Somalia is starting on its TNA process in 2020 as part of the TNA IV project, at which point it will start deciding its priority sectors and technologies for both mitigation and adaptation.
Somalia is located on the Horn of Africa and is bordered by Ethiopia, Kenya, the Gulf of Aden, the Guardafui Channel and the Somali Sea.
Climate change triggers persistent droughts in Somalia, which threaten livelihoods and the country’s food security. Droughts, combined with desertification and poor agricultural and pastoral practices, are degrading the land. Agriculture and livestock constitute the basis of the Somali population’s livelihoods. Livestock accounts for 40% of the country’s GDP and for over 50% of its exports. Hence, it is crucial for the country to reduce its vulnerability to climate-change hazards, which are likely to increase in both frequency and severity.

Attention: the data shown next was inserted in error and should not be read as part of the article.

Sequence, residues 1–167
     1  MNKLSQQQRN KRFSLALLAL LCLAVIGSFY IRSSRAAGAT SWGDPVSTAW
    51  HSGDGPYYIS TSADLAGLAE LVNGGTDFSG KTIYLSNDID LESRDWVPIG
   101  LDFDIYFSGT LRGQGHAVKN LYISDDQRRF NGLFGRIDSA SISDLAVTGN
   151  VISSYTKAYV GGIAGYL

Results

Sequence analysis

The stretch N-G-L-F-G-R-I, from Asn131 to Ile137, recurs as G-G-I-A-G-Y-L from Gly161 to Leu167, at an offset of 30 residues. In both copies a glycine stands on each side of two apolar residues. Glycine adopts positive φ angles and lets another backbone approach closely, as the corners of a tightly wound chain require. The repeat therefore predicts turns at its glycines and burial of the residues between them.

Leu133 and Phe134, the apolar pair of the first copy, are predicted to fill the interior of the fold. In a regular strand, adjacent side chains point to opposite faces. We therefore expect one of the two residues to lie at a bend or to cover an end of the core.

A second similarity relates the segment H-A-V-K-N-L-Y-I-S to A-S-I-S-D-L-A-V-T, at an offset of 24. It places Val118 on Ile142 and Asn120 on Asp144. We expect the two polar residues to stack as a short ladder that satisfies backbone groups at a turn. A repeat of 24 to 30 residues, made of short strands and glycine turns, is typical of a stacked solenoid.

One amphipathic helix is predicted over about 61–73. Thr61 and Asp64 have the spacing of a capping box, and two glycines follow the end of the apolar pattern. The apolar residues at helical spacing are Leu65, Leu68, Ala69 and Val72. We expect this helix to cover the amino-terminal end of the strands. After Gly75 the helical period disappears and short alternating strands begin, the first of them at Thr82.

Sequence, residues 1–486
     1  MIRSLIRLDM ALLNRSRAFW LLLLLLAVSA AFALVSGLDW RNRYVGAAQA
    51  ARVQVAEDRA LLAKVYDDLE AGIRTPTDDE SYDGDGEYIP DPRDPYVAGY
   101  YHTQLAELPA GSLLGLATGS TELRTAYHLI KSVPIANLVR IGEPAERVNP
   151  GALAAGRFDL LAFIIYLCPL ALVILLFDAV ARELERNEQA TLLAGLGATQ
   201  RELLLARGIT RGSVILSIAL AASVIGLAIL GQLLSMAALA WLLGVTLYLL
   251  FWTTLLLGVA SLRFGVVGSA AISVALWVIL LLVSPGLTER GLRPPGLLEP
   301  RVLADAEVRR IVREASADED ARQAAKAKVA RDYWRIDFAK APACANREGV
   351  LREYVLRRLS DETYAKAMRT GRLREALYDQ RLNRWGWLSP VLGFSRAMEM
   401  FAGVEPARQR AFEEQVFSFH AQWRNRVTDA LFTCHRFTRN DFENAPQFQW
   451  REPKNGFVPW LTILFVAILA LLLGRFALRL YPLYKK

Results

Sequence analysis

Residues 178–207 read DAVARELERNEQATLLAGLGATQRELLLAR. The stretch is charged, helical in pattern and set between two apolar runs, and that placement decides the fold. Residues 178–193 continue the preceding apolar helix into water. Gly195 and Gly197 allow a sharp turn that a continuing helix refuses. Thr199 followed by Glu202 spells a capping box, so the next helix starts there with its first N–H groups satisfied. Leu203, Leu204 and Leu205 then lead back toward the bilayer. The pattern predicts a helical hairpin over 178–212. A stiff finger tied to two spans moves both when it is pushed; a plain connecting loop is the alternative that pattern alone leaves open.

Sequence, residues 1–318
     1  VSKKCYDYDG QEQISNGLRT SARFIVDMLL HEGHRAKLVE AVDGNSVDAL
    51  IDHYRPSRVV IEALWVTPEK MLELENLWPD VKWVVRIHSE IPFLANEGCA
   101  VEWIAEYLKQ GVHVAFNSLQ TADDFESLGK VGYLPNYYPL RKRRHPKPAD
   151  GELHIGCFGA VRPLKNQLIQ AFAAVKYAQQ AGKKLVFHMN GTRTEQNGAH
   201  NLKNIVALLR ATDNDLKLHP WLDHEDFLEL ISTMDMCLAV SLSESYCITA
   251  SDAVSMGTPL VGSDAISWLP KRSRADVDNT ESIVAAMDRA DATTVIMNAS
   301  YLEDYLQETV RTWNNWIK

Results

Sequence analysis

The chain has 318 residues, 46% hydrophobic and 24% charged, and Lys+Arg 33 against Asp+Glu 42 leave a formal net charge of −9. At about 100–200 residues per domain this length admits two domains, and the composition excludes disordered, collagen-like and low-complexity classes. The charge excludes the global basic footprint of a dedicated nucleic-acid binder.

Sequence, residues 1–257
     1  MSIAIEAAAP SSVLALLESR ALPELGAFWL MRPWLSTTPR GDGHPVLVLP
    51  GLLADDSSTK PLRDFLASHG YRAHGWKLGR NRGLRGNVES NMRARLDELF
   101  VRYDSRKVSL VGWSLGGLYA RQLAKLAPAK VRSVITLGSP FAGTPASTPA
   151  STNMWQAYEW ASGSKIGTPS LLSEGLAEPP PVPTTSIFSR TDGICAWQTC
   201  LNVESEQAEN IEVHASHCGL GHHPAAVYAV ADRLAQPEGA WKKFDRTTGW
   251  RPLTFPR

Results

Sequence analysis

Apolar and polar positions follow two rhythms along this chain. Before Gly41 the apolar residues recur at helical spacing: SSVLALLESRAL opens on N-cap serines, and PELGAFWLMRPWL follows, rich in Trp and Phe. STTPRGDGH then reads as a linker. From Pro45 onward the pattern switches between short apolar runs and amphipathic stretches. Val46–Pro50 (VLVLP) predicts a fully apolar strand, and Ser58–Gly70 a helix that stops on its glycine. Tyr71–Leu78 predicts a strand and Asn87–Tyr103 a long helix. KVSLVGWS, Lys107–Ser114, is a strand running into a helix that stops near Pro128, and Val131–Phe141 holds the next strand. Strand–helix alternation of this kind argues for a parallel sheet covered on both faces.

Furthermore, Somalia is highly impacted by deforestation, overgrazing, soil erosion, desertification and rising sea levels. The loss of biodiversity and soil fertility triggered by such hazards could lead to an increase in pests and disease, threatening agriculture and human health, which could in turn lead to increasing rates of urban migration and an exacerbation of conflicts.
The country has a relatively low adaptive capacity, and women and young people are especially vulnerable to the effects of climate change. In its NDC, the country indicates a number of adaptation and mitigation projects (planned or under implementation), focusing, among others, on:
- Sustainable land management to build resilient rural livelihoods and enable national food security
- Integrated Water Resources Management to ensure access to water and its supply to vulnerable populations and sectors
- Reduction of the risk of natural disasters among vulnerable populations
- Scaling up the use of solar energy